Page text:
What is Webpack

We tell you how the most famous bundler works and how to set up a basic project.

Webpack is the most popular JS assembler in the world. Its functions are easily extended with the help of third-party packages, so that Webpack can be forced to do almost anything. And if there was no ready-made plugin, thanks to the powerful API, you can write a solution for your unique case.

Basic usage

At a basic level, using Webpack is pretty simple. Imagine that our application has an application file.js with the functions needed to work:

function sayHello() {



function sayBye() {



// Exporting these functions,

// to use them elsewhere:

export { sayHello, say bye }


Now let’s create an index file.js, which will be used as an input point, and we will call the application functions in it:

import { sayHello, sayBye } from ‘./application’





The input point is the file from which the execution of the program begins. It usually contains the logic of starting the application.

Configure Webpack so that it collects a single file with the application code.

To begin with, you should add Webpack to the list of application dependencies:

npm install –dev webpack webpack-cli


webpack is the main dependency that stores all the code needed for the bundler to work.

webpack is a cli wrapper for launching Webpack from the command line, Command Line Interface.

Now it is enough to create a simple webpack.config configuration file.js:

// path — embedded in Node.js module

const path = require(‘path’)

module.exports = {

  // Specifying the path to the input point:

entry: ‘./src/index.js’,

// We describe where the result of the work should be placed:

  output: {

    // The path to the directory (it is important to use path.resolve):

path: path.resolve(__dirname, ‘dist’),

// The name of the file with the assembly:

filename: ‘bundle.js’




Almost done, it remains only to add the script for the build to the package.json and call it:


  “scripts”: {

    “build”: “webpack”




npm run build


After execution, the bundle file will appear in the dist directory.js, which can already be connected to the page in the browser.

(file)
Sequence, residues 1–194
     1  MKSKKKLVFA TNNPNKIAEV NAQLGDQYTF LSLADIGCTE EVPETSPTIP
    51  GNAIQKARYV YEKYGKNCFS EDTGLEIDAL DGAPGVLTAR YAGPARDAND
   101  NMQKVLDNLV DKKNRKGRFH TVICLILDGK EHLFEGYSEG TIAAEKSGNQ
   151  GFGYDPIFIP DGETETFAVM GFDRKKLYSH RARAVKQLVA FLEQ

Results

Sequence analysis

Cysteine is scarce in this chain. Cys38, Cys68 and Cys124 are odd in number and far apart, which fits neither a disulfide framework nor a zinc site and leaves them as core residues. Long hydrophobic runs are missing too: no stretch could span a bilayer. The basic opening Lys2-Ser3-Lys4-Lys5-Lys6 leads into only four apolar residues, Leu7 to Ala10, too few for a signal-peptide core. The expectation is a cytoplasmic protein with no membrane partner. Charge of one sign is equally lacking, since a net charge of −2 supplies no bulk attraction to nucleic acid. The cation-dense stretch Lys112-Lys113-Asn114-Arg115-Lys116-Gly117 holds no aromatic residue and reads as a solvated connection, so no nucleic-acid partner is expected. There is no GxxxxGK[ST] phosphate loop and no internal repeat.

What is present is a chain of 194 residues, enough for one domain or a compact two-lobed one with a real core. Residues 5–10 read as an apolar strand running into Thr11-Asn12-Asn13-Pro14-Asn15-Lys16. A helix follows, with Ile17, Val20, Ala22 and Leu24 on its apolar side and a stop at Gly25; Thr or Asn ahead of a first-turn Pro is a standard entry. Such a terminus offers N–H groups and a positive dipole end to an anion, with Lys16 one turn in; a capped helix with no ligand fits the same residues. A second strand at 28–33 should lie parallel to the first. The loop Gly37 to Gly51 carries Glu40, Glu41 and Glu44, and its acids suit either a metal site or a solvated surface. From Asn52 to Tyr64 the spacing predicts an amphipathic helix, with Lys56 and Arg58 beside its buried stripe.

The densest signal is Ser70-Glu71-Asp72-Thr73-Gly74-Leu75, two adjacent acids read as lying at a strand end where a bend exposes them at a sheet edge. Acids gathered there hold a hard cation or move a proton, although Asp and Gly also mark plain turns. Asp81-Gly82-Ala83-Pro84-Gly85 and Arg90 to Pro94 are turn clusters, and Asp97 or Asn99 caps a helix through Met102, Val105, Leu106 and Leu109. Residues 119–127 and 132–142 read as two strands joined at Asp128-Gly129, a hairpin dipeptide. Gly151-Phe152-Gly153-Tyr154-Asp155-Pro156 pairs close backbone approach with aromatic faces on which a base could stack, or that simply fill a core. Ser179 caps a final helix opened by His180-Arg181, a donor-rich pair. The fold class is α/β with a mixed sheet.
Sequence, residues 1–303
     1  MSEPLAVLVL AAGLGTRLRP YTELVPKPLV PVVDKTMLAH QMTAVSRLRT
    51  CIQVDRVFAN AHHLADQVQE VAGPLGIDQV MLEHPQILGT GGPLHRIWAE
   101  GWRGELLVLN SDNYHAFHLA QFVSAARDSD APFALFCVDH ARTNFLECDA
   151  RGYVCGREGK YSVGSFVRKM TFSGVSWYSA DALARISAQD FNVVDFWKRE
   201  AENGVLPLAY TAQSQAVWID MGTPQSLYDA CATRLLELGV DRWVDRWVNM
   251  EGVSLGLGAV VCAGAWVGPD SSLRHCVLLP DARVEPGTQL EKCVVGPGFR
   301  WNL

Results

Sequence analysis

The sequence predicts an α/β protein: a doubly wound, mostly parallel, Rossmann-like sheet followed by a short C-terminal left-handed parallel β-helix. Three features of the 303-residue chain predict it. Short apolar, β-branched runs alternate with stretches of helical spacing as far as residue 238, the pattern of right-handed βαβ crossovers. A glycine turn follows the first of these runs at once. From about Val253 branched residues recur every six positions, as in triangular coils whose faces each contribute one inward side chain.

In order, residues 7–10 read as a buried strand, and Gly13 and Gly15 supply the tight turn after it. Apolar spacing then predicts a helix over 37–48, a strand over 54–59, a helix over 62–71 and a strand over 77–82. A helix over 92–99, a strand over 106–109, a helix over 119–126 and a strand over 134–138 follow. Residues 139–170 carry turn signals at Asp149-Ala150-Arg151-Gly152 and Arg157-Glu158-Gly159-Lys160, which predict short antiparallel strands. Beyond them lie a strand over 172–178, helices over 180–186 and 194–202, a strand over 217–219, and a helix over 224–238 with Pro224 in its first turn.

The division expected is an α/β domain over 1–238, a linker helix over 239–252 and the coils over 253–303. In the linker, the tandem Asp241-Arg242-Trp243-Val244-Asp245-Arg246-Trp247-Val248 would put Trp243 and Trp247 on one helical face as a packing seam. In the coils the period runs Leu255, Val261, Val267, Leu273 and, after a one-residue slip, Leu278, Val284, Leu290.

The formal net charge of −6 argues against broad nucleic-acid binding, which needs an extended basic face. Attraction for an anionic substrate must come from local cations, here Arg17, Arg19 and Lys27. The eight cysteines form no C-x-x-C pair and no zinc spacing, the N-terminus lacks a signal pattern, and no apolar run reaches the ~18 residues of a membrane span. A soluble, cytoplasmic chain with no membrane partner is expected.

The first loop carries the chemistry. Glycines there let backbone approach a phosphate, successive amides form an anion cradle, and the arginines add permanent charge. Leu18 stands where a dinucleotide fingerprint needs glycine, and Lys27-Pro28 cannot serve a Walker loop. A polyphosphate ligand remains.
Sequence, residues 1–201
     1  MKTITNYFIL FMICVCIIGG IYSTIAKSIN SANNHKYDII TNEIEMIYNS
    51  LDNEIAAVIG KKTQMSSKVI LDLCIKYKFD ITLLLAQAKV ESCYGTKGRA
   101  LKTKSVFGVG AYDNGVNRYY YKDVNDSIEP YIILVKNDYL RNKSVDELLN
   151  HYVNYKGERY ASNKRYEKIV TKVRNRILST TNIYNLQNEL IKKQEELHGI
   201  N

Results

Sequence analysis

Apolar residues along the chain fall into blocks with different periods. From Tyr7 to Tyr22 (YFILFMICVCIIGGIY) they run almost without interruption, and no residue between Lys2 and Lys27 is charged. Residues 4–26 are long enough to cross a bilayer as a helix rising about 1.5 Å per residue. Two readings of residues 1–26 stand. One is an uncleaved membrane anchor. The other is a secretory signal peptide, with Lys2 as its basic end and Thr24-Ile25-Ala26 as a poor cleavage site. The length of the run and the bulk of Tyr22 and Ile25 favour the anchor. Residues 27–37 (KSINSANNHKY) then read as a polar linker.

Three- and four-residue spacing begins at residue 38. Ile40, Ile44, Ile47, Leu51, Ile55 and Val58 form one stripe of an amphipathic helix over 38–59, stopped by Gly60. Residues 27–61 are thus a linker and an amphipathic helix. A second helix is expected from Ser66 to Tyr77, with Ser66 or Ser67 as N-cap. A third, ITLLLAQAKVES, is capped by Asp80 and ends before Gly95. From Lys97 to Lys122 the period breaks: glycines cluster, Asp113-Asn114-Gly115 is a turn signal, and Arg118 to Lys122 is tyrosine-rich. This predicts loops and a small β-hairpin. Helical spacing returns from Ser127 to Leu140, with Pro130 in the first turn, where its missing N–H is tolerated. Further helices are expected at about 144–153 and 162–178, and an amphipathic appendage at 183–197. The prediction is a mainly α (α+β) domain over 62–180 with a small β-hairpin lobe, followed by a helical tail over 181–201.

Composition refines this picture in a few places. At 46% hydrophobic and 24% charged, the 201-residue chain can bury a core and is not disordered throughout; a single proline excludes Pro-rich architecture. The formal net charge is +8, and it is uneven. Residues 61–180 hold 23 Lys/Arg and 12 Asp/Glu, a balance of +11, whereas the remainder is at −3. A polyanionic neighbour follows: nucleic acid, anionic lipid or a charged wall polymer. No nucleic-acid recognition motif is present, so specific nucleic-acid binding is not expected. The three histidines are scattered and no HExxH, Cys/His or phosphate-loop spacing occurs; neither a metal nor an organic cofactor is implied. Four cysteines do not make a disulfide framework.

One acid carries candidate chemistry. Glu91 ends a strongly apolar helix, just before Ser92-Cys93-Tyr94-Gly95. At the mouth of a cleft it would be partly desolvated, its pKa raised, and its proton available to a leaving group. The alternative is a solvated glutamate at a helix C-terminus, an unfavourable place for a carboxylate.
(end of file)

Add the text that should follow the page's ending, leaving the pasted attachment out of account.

In the root of the project, you need to create an src folder, and in it a file index.html and connect the file with the assembly to it:

<!DOCTYPE html>







    <script src=”./dist/bundle.js”></script>




If you open this file in a browser, a greeting and farewell will appear in the console.

A greeting and farewell appear in the console.

Tracking changes in the project

The section of the article “Tracking changes in the project”

is not very convenient to restart the assembly after making each edit. Firstly, you will have to write a command in the terminal every time. Secondly, the complete assembly of large projects can take tens of minutes, and spending so much time every time is simply wasteful.

To solve this problem, you can use the incremental build mode, when Webpack tracks changes to source code files and automatically collects those parts that have changed.

Let’s add a new command to the package.json:


  “scripts”: {

    “build”: “webpack”,

    “watch”: “webpack –watch”




Now it’s enough to open the file index.html in the browser and refresh the page after saving the source code files.

For more convenience, you can use the webpack-dev-server package.


Webpack is an incredibly powerful tool, primarily due to its extensibility. In the basic case, it only collects several JS files into one, but with the help of loaders and plugins, its functionality can be greatly changed.

Webpack starts its work from the input point — the first JS file. In it, he finds all the imports by which he collects files with the source code of the project. In all the files found, it searches for imports again, and so on until the imports run out. As a result, Webpack has a list of all the project files and information about how these files are related. Then plugins and loaders come into play. For each file, Webpack will find all loaders suitable for configuration and process the file with them.

Plugins are a more global way to change the behavior of the collector. During the build process, Webpack will call a special function in each plugin, passing to it the current build context and the API to change this context.

The downside of Webpack extensibility is the complexity of its configuration. In large projects, the build settings file can take thousands of lines. Often such a configuration is split into several files to make it easier to read.


A loader is a function that accepts the contents of a file and should return the modified contents.

For example, ts-loader will turn any TypeScript code into ordinary JavaScript code.

A huge number of loaders have been written for Webpack — for working with styles, with different languages, for image processing and for much more. Here are a few that can be found in almost any project:

style-loader — imports CSS files and implements styles in the DOM.

css-loader — allows you to work with @import and url() inside CSS.

babel-loader — allows you to write code in modern JS, but execute it even in older browsers.

To add a new loader, you need to expand the file webpack.config.js:

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